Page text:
Objectives: Hereditary hearing loss exhibits high degrees of genetic and clinical heterogeneity. To elucidate the population-specific and age-related genetic and clinical spectra of hereditary hearing loss, we investigated the sequencing data of causally associated hearing loss genes in a large cohort of hearing-impaired probands with a balanced age distribution from a single center in Southwest Germany.
Design: Genetic testing was applied to 305 hearing-impaired probands/families with a suspected genetic hearing loss etiology and a balanced age distribution over a period of 8 years (2011-2018). These individuals were representative of the regional population according to age and sex distributions. The genetic testing workflow consisted of single-gene screening (n = 21) and custom-designed hearing loss gene panel sequencing (n = 284) targeting known nonsyndromic and syndromic hearing loss genes in a diagnostic setup. Retrospective reanalysis of sequencing data was conducted by applying the current American College of Medical Genetics and Genomics/Association for Molecular Pathology guidelines.
Results: A genetic diagnosis was established for 75 (25%) of the probands that involved 75 causal variants in 35 genes, including 16 novel causal variants and 9 medically significant variant reclassifications. Nearly half of the solved cases (47%; n = 35) were related to variants in the five most frequently affected genes: GJB2 (25%), MYO15A, WFS1, SLC26A4, and COL11A1 (all 5%). Nearly one-quarter of the cases (23%; n = 17) were associated with variants in seven additional genes (TMPRSS3, COL4A3, LOXHD1, EDNRB, MYO6, TECTA, and USH2A). The remaining one-third of single cases (33%; n = 25) were linked to variants in 25 distinct genes. Diagnostic rates and gene distribution were highly dependent on phenotypic characteristics. A positive family history of autosomal-recessive inheritance in combination with early onset and higher grades of hearing loss significantly increased the solve rate up to 60%, while late onset and lower grades of hearing loss yielded significantly fewer diagnoses. Regarding genetic diagnoses, autosomal-dominant genes accounted for 37%, autosomal-recessive genes for 60%, and X-linked genes for 3% of the solved cases. Syndromic/nonsyndromic hearing loss mimic genes were affected in 27% of the genetic diagnoses.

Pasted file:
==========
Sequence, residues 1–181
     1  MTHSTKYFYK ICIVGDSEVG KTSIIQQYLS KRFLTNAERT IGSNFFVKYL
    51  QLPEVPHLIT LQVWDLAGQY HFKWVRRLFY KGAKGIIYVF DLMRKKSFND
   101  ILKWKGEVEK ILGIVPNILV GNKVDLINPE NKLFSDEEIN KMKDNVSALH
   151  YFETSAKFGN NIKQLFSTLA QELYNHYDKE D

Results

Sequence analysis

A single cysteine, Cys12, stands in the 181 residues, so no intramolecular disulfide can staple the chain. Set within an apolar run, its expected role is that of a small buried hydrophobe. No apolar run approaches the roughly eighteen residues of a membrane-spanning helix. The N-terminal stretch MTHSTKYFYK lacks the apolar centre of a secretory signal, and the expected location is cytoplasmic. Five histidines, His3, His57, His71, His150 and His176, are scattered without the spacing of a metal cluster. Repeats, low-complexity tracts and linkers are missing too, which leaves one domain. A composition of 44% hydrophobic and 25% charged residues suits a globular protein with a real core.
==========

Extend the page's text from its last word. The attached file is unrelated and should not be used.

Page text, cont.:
Conclusions: The genetic epidemiology of the largest German cohort subjected to comprehensive targeted sequencing for hereditary hearing loss to date revealed broad causal gene and variant spectra in this population. Targeted hearing loss gene panel analysis proved to be an effective tool for ensuring an appropriate diagnostic yield in a routine clinical setting including the identification of novel variants and medically significant reclassifications. Solve rates were highly sensitive to phenotypic characteristics. The unique population-adapted and balanced age distribution of the cohort favoring late hearing loss onset uncovered a markedly large contribution of autosomal-dominant genes to the diagnoses which may be a representative for other age balanced cohorts in other populations.